With Iowa being in bad shape financially, expanding the legality of marijuana in the state could be the solution.
Setting aside prejudice and stereotypes, it makes economic sense to legalize recreational marijuana in Iowa. Given that Iowa is currently in the midst of a bit of a budgetary quandary, it would make sense to try to raise more funds by taxing the sale of marijuana instead of raising other taxes.
Although the state is in no way in as bad of shape as our neighbor to the east (Illinois), a freshly released report by the nonpartisan Legislative Services Agency predicts a $104 million budgetary shortfall for Iowa’s coming fiscal year. This even takes into account a myriad of prior financial maneuvers that the state Legislature has wielded in an effort to address the fourth-consecutive year of declining farm income, which just so happens to play a rather large part in funding the state government.
So if experts say Iowa is facing a budgetary crisis, what potential options does the state have to balance the budget? It appears rookie Gov. Kim Reynolds will be forced to call the Legislature to a special session so that a deal can be struck. In the special session, the Legislature will then have to either raise revenue or cut spending. Most likely, to get the budget in line, a combination of tax increases and spending cuts will be levied in addition to borrowing some money from “rainy day” savings. But what if the state could find an innovative way to raise revenue so that spending doesn’t have to be cut? What if the state legalized the recreational sale of marijuana, as Nevada just did?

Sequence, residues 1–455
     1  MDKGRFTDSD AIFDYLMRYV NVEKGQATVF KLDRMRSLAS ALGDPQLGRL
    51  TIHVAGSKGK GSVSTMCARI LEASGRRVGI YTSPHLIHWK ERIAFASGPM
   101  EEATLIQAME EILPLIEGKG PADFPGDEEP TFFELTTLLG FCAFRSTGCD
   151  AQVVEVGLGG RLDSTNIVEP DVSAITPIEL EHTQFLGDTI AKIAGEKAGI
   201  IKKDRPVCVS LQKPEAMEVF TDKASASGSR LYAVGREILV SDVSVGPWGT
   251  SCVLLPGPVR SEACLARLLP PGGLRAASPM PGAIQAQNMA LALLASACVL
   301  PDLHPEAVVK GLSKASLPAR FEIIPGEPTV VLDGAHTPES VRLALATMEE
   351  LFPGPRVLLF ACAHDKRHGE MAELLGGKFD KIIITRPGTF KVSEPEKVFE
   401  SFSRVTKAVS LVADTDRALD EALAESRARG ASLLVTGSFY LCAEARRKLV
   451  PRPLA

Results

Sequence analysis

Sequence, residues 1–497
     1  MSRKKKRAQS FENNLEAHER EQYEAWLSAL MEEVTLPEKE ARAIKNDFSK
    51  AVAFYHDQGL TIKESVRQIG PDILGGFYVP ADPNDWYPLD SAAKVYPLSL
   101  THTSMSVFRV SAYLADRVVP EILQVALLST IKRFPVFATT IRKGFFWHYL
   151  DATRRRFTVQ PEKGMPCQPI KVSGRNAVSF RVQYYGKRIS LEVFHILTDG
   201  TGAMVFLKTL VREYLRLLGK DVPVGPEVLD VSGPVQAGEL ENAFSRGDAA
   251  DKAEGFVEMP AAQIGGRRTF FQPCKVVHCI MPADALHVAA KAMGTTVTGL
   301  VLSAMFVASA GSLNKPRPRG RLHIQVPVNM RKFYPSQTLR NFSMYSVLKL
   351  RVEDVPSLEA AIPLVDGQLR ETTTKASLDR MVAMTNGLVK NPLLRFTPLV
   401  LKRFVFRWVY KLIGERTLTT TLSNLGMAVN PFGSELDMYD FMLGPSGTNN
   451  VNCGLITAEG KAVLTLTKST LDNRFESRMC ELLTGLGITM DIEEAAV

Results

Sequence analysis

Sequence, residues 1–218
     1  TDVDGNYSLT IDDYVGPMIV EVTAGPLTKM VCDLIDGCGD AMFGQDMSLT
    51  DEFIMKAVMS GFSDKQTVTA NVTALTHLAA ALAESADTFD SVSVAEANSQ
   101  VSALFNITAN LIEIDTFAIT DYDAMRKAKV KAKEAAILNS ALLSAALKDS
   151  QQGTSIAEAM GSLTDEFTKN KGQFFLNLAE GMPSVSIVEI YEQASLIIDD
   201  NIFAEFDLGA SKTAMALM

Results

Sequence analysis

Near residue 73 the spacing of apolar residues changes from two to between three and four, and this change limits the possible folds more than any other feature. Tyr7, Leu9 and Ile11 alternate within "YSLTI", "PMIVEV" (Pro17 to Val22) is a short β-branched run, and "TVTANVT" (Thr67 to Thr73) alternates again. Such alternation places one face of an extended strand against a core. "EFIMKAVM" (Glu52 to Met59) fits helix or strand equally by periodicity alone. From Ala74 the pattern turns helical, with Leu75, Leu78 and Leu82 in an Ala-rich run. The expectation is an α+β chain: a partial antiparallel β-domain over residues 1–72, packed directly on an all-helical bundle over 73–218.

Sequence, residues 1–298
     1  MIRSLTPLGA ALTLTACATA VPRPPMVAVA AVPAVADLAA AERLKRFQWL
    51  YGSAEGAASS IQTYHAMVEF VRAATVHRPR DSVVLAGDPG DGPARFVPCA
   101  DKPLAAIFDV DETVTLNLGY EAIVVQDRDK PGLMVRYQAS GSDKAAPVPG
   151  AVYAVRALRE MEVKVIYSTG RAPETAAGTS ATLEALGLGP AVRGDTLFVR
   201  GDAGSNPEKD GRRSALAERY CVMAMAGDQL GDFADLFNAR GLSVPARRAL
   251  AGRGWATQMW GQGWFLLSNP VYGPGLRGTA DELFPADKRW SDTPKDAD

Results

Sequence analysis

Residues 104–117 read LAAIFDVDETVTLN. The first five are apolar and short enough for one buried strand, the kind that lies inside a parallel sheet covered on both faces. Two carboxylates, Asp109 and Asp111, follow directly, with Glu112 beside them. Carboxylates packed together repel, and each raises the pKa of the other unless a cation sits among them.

Admittedly, this is probably a pie-in-the-sky proposal. After all, Iowa is a fairly socially conservative state that has a history of being quite stingy about marijuana. Medical marijuana is legal in Iowa — however, only on a limited basis for specific conditions. Moreover, many patients have expressed dismay at the difficulty in acquiring marijuana legally for medical purposes because few dispensaries exist in Iowa (transporting marijuana across state lines is illegal, even if for medical purposes).
Nonetheless, support for recreational marijuana has been growing. A February Des Moines Register poll showed that the public is beginning to warm up to recreational marijuana; 39 percent of respondents approved, up from 29 percent in 2013. Maybe people are finally starting to realize what the medical community has reached consensus on: Marijuana is less harmful than alcohol and tobacco. Still, both state and federal government policies continue to frame marijuana as an illegal drug not safe for use by the public.
As a result, all this seems to set up a somber future for marijuana use in Iowa. Not to mention that the Iowa Legislature and governorship are controlled by Republicans, who traditionally aren’t the biggest fans of marijuana.
Perhaps, then, my proposal is more of a dream. I highly doubt whether it will even be considered as an option to ameliorate the budget shortfall, but it could help. Legalizing marijuana makes economic sense. If politicians and the public are willing to set aside their preconceived notions about “weed,” Iowa just might be able to come up with the money it needs. It probably wouldn’t be quite as much as Colorado’s reported $200 million in tax revenue for fiscal 2016, but it very well could at least help the state raise funds.